Regional demands drive used construction equipment prices: Part 1 of a Special Report

Updated Sep 8, 2017
A scene from this year’s Ritchie Bros. Orlando auction.A scene from this year’s Ritchie Bros. Orlando auction.

This is Part 1 of a five-part series on used equipment. Click here to see the other parts of the series. Click here to download the full version of the Used Equipment Report.

Supply and demand determine the price of used equipment, but other less apparent influences also move the needle.

Location is one such influence.

“This year we are seeing certain geographic pockets doing better than others,” says Brian Sandon, eastern U.S. sales manager, J.J. Kane Auctioneers. “One area might do better than the next, even though it’s just a couple hours away. It’s been hard to pinpoint consistently.”

The general trend in the Southeast and the West is a strong, growing economy and rising prices and demand. “Residential building and distribution have spiked up in the Southeast, and out West, the housing market has started to boom again, even in Las Vegas,” says Sandon.

Prices remain steady, trend upward

Contractors were generally steady in their used equipment buying expectations, according to the Wells Fargo 2017 Construction Industry Forecast.Contractors were generally steady in their used equipment buying expectations, according to the Wells Fargo 2017 Construction Industry Forecast.

In general, equipment prices in 2017 are similar to, or higher than, what the industry saw in 2016, says Doug Olive, senior vice president, pricing, at Ritchie Bros. There are a few particularly strong categories related to light construction, such as skid steer loaders, loader backhoes and smaller wheel loaders, he says.

“Right now, equipment is in tight supply since it’s out working. Also, OEM production was reduced for certain models between 2014 and 2016, so there is less equipment on the market,” says Olive. “Because of this, there are many sellers looking to take advantage.”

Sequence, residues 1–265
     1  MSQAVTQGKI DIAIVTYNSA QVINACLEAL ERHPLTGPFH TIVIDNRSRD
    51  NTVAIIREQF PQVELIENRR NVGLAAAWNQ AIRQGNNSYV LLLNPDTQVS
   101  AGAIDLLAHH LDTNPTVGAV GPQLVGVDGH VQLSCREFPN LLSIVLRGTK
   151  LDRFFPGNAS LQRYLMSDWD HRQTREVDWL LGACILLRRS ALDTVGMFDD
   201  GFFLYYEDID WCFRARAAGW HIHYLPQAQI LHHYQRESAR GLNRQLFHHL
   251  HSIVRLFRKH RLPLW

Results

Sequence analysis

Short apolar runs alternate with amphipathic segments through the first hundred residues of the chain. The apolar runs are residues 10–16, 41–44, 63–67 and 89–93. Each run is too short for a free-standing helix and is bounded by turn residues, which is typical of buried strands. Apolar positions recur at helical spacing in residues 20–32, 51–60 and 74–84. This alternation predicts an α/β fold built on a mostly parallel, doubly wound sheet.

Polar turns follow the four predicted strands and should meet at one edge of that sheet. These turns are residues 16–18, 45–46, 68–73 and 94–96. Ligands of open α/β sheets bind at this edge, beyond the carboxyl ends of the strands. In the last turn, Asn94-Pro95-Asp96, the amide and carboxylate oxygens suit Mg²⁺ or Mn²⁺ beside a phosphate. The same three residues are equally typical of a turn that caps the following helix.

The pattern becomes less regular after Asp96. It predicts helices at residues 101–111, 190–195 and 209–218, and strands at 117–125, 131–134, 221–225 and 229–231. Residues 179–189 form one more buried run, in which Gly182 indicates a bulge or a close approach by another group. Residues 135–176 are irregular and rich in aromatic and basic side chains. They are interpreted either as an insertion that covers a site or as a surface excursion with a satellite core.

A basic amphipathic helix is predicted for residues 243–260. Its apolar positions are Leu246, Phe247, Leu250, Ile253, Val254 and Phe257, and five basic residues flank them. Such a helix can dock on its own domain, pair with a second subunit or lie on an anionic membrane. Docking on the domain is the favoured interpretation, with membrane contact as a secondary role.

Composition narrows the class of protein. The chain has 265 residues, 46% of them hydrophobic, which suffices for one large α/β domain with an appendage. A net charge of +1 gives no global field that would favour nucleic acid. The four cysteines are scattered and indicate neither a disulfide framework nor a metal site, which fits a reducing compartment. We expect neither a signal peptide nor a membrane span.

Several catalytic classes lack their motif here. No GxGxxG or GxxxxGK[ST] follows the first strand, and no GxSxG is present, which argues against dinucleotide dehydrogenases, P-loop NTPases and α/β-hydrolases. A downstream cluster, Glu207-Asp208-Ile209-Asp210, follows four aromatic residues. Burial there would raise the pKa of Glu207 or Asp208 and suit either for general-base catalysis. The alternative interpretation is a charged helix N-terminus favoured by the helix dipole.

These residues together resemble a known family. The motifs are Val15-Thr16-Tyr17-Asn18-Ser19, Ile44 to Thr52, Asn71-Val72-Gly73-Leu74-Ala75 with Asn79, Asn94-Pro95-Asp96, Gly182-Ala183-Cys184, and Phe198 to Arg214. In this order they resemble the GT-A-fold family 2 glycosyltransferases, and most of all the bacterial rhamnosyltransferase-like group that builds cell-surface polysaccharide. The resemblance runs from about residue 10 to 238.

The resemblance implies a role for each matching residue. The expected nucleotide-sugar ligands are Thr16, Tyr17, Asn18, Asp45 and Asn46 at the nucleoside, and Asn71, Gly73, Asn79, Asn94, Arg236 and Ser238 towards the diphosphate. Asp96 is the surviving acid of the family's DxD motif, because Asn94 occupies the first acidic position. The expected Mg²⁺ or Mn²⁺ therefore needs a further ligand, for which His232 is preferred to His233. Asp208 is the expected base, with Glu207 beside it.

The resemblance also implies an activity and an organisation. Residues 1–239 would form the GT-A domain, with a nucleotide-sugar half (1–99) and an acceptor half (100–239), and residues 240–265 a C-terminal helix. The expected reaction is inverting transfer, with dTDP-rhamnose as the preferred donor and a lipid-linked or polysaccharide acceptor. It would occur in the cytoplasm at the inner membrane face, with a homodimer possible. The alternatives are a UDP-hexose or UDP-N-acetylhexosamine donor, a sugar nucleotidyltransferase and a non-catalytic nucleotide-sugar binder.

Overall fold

“It’s hard to find good, late-model construction equipment right now that’s not worn out and beat up,” says Sandon. Some reasons: Utilization is up. Rental companies are hanging on to their fleets longer. And at ConExpo this year, orders came in strong, and manufacturer lead times for new equipment are now stretching out. “You just can’t call up and have one delivered in a week like you used to. You might wait up to three or four months, depending on the product,” he says.

All of these factors may prompt a buyer to go to the used equipment market.

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“Used prices are trending up,” says Mike Womble, branch manager for Anderson Equipment, based in Buffalo, New York, “which can make it a good time to sell.” Kenneth Tysinger, used equipment sales manager for May Heavy Equipment in Lexington, North Carolina, adds a caveat: “While used equipment prices are up year over year, there has been some softening,” he says. “You would probably be better off to hold off on selling until the end of the year, if possible.”

But buying is a split proposition, Tysinger adds. “New and used equipment prices are up, but there are a lot of good finance options on the market right now. These are enough to persuade buyers to pull the trigger.”

Si Hanna, general manager of remarketing and fleet management for RDO Equipment based in Hewitt, Texas, says equipment prices seem to have stabilized and even rebounded in some segments. “There is a lot of activity happening in the market, and from a dealer perspective, that means opportunity,” he says. “I think over the past 18 to 24 months, the market has favored the buyer because of the amount of machines that have been placed in auction and from some de-fleeting that has happened, but opportunity is always there for a buyer and a seller.”

It depends on the region

The flip side of the coin is that the oil patch – which saw a significant downturn due to the lowered price of gas and oil – has been slow to recover, although it’s now showing signs of life. “That’s hurt used equipment prices in the Dakotas and Texas,” Sandon says. “The bulk of that equipment is not doing as well as it used to, but I’m sure that will turn around with time.”

“Yellow iron prices have tended to stay fairly consistent, but your oilfield stuff and their trucks, they were just giving them away,” says Bob Merritt, director of equipment and construction services operations support at AECOM, a heavy civil and commercial construction firm in Meridian, Idaho. “It was a bloodbath. But that’s starting to turn around and come back.”